The session revealed that NordVPN’s Linux servers are configured with various tools that enhance security, privacy, and authentication. FreeRADIUS is used for authentication, while the squid proxy software is also used. SaltStack is used for correct server configuration, controlling the infrastructure.
Today DuckDuckGo published a post about the risks of using public charging stations. Technology exists that lets hackers install malware via these chargers. While I personally think the risk is a bit overblown, this is an argument I think can be added in favor of a portless iPhone.
Although it has become synonymous with charging, USB technology was initially developed with the aim of transmitting data. Thus, hackers can use these public charging stations to install malware on your smartphone or tablet through a compromised USB cable. This process, called “juice jacking”, allows hackers to read and export your data, including your passwords. They can even lock your device this way, rendering it unusable.
Motherboard built a database of over 500 iPhones that law enforcement have tried to unlock. Many of them weren’t able to be unlocked at all.
Out of 516 analyzed cases, 295 were marked as executed. Officials from the FBI, DEA, DHS, Homeland Security and Investigations, the Bureau of Alcohol, Tobacco, Firearms and Explosives were able to extract data from iPhones in investigations ranging from arson, to child exploitation, to drug trafficking. And investigators executed warrants against modern iPhones, not just older models.
As mentioned, this provides useful data instead of the usual anecdotes. You can find the database here.
Proton apps will get new alternative routing as a way to block attempts at censorship, whether it’s by governments, ISPs, or network admins.
Whisper, an app for people to share their secrets, exposed user data like age, location, and more for years.
The records were viewable on a non-password-protected database open to the public Web. A Post reporter was able to freely browse and search through the records, many of which involved children: A search of users who had listed their age as 15 returned 1.3 million results.
The cybersecurity consultants Matthew Porter and Dan Ehrlich, who lead the advisory group Twelve Security, said they were able to access nearly 900 million user records from the app’s release in 2012 to the present day.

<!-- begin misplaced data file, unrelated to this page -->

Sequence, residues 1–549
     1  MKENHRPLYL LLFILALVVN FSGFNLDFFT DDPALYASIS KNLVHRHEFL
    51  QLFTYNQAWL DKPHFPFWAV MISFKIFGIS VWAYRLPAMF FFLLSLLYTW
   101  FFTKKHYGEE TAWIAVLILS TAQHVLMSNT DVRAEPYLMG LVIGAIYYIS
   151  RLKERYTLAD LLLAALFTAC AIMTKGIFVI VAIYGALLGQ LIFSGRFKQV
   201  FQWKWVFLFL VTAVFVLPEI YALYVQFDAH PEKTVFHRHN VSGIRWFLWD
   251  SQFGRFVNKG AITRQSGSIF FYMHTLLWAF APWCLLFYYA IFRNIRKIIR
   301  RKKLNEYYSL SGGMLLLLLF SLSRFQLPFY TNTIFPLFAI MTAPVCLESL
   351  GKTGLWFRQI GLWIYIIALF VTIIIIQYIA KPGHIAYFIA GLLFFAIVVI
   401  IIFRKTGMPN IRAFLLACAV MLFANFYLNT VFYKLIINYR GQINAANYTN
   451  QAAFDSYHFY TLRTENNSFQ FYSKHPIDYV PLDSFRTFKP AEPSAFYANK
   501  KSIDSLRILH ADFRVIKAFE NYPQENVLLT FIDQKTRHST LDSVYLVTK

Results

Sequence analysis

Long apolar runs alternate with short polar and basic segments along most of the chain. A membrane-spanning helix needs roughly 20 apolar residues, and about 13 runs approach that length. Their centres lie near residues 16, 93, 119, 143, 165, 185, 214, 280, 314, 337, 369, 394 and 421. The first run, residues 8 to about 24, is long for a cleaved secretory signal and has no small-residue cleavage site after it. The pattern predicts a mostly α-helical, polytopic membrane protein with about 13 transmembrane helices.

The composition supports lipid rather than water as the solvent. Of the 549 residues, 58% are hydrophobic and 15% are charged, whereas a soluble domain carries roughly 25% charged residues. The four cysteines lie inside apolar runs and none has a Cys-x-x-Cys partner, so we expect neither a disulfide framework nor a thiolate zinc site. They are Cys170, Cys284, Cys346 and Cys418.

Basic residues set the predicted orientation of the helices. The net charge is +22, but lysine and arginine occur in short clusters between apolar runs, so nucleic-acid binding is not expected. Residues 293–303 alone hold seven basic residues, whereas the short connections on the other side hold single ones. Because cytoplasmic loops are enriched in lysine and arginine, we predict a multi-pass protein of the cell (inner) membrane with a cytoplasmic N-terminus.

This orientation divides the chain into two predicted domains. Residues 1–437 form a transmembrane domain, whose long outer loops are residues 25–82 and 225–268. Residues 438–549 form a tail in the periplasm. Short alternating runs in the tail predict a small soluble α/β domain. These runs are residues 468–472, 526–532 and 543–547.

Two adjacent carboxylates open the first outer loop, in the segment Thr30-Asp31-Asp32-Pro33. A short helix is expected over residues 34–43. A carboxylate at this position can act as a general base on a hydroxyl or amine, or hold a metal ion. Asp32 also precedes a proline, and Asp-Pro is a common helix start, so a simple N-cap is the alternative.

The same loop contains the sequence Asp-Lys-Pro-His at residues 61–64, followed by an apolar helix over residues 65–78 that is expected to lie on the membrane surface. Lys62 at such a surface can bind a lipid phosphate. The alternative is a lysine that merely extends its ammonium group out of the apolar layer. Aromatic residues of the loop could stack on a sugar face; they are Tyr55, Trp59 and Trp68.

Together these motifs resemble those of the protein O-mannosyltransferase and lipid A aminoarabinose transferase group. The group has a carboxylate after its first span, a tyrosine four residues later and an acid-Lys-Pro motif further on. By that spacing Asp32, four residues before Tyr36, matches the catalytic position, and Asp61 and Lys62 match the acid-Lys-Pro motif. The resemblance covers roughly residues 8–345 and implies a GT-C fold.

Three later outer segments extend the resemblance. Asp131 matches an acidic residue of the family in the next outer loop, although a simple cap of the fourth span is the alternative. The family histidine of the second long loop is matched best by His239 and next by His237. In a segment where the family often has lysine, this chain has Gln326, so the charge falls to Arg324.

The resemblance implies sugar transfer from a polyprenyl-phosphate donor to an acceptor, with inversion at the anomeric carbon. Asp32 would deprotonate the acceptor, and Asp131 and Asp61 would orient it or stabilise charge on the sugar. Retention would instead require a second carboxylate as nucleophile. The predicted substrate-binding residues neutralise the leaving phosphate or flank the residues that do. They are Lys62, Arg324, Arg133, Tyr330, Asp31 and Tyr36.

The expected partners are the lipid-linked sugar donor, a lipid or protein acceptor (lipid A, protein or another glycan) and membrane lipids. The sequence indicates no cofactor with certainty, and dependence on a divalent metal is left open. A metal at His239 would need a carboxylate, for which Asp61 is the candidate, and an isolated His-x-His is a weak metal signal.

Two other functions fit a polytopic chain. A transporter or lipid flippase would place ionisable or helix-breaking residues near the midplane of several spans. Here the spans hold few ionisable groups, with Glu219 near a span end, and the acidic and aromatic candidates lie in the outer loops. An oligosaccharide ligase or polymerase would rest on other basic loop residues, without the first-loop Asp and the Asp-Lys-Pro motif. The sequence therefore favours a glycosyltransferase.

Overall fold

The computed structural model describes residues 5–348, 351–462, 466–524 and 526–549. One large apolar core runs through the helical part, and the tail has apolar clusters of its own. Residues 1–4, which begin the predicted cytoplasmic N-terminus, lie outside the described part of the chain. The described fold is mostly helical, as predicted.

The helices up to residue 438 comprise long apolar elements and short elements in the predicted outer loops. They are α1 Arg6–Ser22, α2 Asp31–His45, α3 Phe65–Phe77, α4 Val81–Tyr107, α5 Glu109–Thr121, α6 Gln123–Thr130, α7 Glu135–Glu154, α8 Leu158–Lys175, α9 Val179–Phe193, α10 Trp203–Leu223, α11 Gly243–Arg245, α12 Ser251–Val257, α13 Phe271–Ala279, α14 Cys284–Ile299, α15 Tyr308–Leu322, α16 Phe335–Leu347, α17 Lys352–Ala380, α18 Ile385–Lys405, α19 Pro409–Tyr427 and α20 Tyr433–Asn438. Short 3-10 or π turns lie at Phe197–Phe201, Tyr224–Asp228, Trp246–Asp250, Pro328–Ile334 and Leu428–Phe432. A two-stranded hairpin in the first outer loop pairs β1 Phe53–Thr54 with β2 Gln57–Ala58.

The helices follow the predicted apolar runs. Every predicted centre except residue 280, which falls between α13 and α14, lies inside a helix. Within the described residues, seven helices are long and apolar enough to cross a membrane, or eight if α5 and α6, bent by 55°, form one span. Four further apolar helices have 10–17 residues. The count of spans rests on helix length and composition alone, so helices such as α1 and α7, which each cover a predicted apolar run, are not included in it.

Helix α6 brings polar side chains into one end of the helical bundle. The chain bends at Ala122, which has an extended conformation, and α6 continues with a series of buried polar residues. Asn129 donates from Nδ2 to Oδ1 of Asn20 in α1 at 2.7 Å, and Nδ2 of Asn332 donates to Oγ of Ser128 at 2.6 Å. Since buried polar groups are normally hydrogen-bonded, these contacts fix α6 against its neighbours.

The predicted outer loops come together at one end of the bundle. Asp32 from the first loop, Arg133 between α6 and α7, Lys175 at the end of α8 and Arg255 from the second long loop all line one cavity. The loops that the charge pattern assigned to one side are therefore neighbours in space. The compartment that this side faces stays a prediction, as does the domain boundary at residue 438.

You can never be 100% secure but at least put a damn password on your server.
Security experts found that Teslas are vulnerable to certain kinds of hacks. One expert, Brian DeMuth, said there are no easy ways to prevent it, but you can take some measures.
There are a few things that can reduce the risk if you are willing to accept diminished functionality in the car. For example, the telematics unit can be removed from the vehicle to eliminate attacks over the cellular network, but this also will prevent mobile apps and other remote functionality from working. Removing the telematics unit could also trigger warnings and other errors to appear in the instrument cluster or infotainment system.
Microsoft, along with partners in 35 countries have taken down the Necurs botnet, responsible for infecting over nine million computers.
Netgear is pushing out security patches for its networking products this week. They contain flaws that could open them up to hackers.
D6200, D6220, D6400, D7000, D7000v2, D7800, D8500
JR6150, R6120, R6220, R6230, R6250, R6260, R6400, R6400v2, R6700, R6700v2, R6700v3, R6800, R6900, R6900P, R6900v2, R7000, R7000P, R7100LG, R7300DST, R7500v2, R7800, R7900, R7900P, R8000, R8000P, R8300, R8500, R8900, R9000, RAX120, RBR20 (Orbi), RBS20 (Orbi), RBK20 (Orbi), RBR40 (Orbi), RBS40 (Orbi), RBK40 (Orbi), RBR50 (Orbi), RBS50 (Orbi), RBK50 (Orbi), XR500, XR700
Andrew Orr joins host Kelly Guimont for Security Friday! Hardware flaws, This Week in Who Has Your Data, and the latest in ending encryption.
A flaw found in Intel chips lets attackers decrypt your hard drive, among other things. It can’t be fixed, only mitigated with patches.